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‘Baywatch’: A dumb TV show inspires a dumb movie

Dwayne Johnson and Zac Efron in "Baywatch." | PARAMOUNT PICTURES

“I thought we were lifeguards. … Everything you guys are talking about sounds like a really entertaining but far-fetched TV show.” – Zac Efron’s Matt Brody in “Baywatch.”

Just because you acknowledge you’re in a movie based on a kitschy TV show doesn’t necessarily mean you’re in a GOOD movie based on a TV show.

The movie version of “Baywatch” makes a number of references to the globally popular, brain-cell-destroying kitsch hit TV show from the 1990s.

We get scenes featuring sexy women moving in slow motion — with other characters commenting about how those sexy women appear to be moving in slow motion. We get the obligatory cameo appearances from original “Baywatch” stars David Hasselhoff and Pamela Anderson, with one of those appearances producing a mild chuckle and the other going absolutely nowhere.

And we get plot developments even more over the top and ludicrous than the ding-dong-dumb storylines from the cheesy TV show.

What we don’t get is a movie with an identity.

“Baywatch” earns its R rating with hardcore language and gross-out scenes — some involving corpses, some involving male crotch humor, and one that manages to involve a corpse AND male crotch “humor.” Most of the time the cast is going for big, broad laughs, but the bloated two-hour running time also affords plenty of room for B-movie plot about a stereotypically nasty b-word bombshell who casually orders murders and ruthlessly pursues her goal of becoming the dominant dealer of a meth-like drug up and down the beach.

Good times.

“Baywatch” the movie stars Dwayne “No Longer the Rock” Johnson as legendary head lifeguard Mitch Buchannon and Zac Efron as the cocky and reckless trainee Matt Brody.

The enormously muscular Johnson and the super-shredded Efron spend most of the movie shirtless. Alexandra Daddario’s Summer Quinn, Ilfenesh Hadera’s Stephanie Holden and Kelly Rohrbach’s CJ Parker keep their tops on, but they’re squeezed into swimsuits and tight-fitting club outfits throughout the story. I mention all of this in the interest of accurate journalism.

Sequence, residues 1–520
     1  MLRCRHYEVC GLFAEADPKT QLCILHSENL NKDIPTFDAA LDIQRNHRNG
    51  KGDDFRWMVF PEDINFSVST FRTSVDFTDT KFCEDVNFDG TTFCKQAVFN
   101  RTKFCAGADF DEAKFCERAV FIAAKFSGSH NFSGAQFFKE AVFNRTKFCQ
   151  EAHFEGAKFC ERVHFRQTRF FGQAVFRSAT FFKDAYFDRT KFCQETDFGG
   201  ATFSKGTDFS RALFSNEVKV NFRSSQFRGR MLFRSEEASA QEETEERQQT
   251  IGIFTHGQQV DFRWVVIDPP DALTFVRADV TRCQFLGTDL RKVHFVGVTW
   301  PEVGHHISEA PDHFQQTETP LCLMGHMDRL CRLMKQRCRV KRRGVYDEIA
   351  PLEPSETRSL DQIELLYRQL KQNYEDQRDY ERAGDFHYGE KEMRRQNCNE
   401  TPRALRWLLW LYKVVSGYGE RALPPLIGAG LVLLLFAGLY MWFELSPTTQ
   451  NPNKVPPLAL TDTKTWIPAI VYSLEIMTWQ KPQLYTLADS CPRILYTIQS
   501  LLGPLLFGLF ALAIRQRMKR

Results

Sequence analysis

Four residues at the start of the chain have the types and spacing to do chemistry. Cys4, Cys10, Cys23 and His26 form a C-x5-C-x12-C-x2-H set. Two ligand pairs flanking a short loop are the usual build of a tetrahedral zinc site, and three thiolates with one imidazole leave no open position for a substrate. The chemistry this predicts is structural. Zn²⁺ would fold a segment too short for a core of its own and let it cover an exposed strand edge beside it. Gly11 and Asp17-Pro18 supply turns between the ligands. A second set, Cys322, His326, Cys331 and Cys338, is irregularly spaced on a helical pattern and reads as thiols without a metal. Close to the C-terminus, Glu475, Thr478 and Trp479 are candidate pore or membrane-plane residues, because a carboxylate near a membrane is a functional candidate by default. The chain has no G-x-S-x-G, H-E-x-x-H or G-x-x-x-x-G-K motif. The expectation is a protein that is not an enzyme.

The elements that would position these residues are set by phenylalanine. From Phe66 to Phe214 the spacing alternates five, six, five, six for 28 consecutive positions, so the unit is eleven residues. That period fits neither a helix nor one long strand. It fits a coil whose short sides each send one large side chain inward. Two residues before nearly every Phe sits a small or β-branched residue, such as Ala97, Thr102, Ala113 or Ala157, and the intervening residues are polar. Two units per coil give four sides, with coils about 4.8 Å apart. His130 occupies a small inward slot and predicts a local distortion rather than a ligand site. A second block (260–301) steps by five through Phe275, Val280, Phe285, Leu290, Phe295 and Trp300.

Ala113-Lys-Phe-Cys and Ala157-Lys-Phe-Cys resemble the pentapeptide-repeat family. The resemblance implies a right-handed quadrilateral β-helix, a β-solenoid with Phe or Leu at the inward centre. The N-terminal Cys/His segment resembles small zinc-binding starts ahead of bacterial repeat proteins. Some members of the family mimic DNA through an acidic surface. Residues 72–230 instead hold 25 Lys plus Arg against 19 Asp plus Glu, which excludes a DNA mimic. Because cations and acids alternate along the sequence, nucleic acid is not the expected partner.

Mitch isn’t just some fortysomething guy in a wooden tower, twirling his whistle and keeping an eye on the tides. In fact he’s more of a superhero than a mere lifeguard. Hardly a day goes by without Mitch performing amazing feats, from saving a woman and her two children from drowning to boarding a boat that’s engulfed in flames and dragging multiple hot women to safety. In fact we’re told he has saved more than 500 lives on his beach.

Five hundred! Apparently that beach is more dangerous than many a war zone.

Efron’s Matt is a two-time Gold Medal winner who fell from grace after a night of partying led to him throwing up in the pool during an Olympic relay race, costing his teammates their shot at gold and turning Matt into “The Vomit Comet.”

Matt is vain, reckless, cocky, selfish and quite dim. He signs on as a lifeguard trainee as a condition of his parole and announces he has no interest in being a team player and he doesn’t want Mitch to mentor him.

Gee, can you guess what happens?

Priyanka Chopra is wasted as the cartoon-like villain Victoria Leeds, who runs a swanky nightclub and is buying up all the properties along the beach, the better to accept the regular shipments of drugs arriving via boat. Victoria specializes in berating her henchmen, laughing cartoonishly at Mitch’s efforts to play policeman, and wobbling about on her high heels as she tries to execute one of the most tedious and ridiculous escape plans in recent memory.

Johnson and Efron are as likable as ever, but they’ve played better-developed characters on “Saturday Night Live.”

As was the case with “CHIPS” and “The Dukes of Hazzard” and “The Beverly Hillbillies” and “Car 54, Where Are You?” and I’ll just stop there, when you make films from junk TV, more often than not you’re going to wind up with a junk movie.

Lemons don’t make for lemonade. They make for Rotten Tomatoes.

★1⁄2

Paramount Pictures presents a film directed by Seth Gordon and written by Damian Shannon and Mark Swift. Rated R (for language throughout, crude sexual content, and graphic nudity). Running time: 119 minutes. Opens Thursday at local theaters.